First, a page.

How to Calculate Non Retirement Mutual Fund Basis

by C. Taylor

The Internal Revenue Service (IRS) requires brokerage companies to report non-retirement mutual fund transactions. Under these regulations, brokerages must also submit the account holder's preferred method for determining cost basis, which is subsequently used when calculating capital gains. Average cost is the most common cost basis method for mutual funds, although you may also elect to track individual shares under the assumption that the first bought shares are also first sold.

Average Cost Method

1. Look through your investment statements or call your broker to locate the purchase date, number of shares purchased, amount invested and any fees charged for each transaction.

2. Add all the investment amounts and any fees charged to calculate total investment. As an example, say you invested $3,000 for 100 shares of the non-retirement mutual fund XYZ; six months later you invested $2,000 more for 50 shares. If both transactions charged a $20 fee, add $3,000 plus $2,000 plus $40 to derive the total investment of $5,040.

3. Total the number of shares purchased. Continuing the example, add 100 plus 50 to calculate 150 shares.

4. Divide the total investment by the total number of shares. In the example, $5,040 divided by 150 results in an average cost basis of $33.60 per share.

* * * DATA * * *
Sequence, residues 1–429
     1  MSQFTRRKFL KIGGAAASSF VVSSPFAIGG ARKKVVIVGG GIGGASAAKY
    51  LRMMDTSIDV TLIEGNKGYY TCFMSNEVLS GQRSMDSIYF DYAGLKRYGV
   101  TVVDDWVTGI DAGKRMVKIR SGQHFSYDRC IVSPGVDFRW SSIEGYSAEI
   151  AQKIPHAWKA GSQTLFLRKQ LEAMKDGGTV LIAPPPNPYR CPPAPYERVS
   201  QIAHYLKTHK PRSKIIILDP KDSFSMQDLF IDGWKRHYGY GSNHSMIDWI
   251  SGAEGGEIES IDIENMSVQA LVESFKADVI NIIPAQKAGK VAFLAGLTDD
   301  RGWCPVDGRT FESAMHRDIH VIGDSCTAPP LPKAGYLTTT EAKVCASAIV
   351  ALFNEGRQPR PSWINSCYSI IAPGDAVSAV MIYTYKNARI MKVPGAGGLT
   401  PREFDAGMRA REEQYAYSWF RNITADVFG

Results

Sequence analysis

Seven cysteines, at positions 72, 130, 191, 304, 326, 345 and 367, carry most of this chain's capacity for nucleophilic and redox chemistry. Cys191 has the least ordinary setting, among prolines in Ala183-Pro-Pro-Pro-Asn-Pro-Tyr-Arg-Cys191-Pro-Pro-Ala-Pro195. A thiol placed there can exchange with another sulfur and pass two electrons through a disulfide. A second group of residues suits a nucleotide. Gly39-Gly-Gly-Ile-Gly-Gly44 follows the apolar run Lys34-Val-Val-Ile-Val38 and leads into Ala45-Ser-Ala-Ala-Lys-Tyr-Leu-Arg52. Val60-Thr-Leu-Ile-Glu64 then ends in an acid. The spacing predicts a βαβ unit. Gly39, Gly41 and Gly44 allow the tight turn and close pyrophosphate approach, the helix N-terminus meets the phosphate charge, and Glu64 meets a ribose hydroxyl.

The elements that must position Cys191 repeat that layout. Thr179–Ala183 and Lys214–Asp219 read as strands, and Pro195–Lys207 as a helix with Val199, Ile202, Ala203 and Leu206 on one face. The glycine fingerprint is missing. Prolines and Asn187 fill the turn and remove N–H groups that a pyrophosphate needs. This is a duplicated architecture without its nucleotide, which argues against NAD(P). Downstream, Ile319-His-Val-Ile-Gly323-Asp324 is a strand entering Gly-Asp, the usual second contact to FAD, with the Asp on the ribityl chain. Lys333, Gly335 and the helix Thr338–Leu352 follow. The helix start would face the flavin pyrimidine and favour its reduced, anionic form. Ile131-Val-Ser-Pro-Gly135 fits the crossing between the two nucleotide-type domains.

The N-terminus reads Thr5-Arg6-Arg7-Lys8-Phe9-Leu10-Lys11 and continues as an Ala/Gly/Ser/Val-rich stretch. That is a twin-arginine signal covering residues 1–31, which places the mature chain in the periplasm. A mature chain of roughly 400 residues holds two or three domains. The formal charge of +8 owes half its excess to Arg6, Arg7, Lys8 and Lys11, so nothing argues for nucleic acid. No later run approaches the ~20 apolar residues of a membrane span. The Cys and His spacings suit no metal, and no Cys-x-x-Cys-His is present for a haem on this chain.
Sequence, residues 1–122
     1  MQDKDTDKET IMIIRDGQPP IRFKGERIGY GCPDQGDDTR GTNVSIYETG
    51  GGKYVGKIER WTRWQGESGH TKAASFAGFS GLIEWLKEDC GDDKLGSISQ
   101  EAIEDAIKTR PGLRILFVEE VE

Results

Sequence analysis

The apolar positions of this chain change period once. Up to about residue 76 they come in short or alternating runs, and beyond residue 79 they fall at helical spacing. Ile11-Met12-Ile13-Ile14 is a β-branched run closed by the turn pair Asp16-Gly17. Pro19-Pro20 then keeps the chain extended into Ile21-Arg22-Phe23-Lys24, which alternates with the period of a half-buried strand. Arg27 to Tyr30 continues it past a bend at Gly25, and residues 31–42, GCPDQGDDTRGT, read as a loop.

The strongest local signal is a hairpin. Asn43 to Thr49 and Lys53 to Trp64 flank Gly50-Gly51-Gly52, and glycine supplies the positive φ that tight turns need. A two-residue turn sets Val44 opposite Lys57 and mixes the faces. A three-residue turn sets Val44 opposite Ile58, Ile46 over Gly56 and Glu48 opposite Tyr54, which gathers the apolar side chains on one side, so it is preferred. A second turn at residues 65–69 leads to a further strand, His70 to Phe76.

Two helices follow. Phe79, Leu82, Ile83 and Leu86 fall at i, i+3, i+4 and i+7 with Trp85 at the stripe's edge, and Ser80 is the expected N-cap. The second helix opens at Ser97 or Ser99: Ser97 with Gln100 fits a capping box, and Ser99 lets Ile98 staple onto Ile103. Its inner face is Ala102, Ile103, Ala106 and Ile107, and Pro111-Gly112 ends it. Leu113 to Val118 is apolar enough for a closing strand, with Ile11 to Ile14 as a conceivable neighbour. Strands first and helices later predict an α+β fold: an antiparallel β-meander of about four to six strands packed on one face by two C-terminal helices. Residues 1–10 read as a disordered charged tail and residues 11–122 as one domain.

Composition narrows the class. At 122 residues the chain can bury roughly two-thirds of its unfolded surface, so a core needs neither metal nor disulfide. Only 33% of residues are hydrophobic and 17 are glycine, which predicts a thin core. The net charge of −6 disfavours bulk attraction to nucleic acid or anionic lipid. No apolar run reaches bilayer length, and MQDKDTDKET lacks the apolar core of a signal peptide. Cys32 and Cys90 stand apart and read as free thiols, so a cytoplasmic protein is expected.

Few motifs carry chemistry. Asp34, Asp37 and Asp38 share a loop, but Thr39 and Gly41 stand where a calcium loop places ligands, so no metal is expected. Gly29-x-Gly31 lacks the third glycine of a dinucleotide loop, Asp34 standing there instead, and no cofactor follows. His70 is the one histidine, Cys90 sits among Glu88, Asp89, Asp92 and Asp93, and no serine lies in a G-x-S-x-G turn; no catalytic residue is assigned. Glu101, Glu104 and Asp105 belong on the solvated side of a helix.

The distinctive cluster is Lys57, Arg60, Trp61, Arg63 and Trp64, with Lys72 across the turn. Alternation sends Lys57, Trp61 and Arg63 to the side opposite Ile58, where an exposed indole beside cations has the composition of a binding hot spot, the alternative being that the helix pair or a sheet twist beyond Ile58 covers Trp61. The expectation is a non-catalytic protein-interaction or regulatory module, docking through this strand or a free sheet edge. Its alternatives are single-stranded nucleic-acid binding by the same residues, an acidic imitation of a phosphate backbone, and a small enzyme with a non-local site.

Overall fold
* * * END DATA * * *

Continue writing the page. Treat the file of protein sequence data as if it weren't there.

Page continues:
First in, First out

1. Contact your investment broker or reference your investment statements to find the details of each transaction. You need the same information as described in the Average Cost Method section.

2. Add any fees charged to the amounts invested for each separate transaction. Continuing the prior example, each investment would total $3,020 and $2,020, respectively.

3. Divide each investment total by the number of shares purchased during that transaction. In the example, divide $3,020 by 100 to calculate the first transaction's cost basis of $30.20 per share. Likewise, the second transaction's cost basis is $20.20 per share.

4. Use the first transaction's cost basis when calculating capital gains. When those shares are exhausted, use the second transaction's cost basis, and so on. In the example, if you sold 125 shares, the first 100 shares would use the cost basis of $30.20 per share, but the remaining 25 shares would use the $20.20 cost basis.


  • Both methods assume the first purchased shares are sold first. This doesn't affect the cost basis for the average cost method, but it does effect the capital gains classification. Shares held longer than one year enjoy lower long-term capital gains tax, but shares held one year or less are taxed as short-term capital gains.

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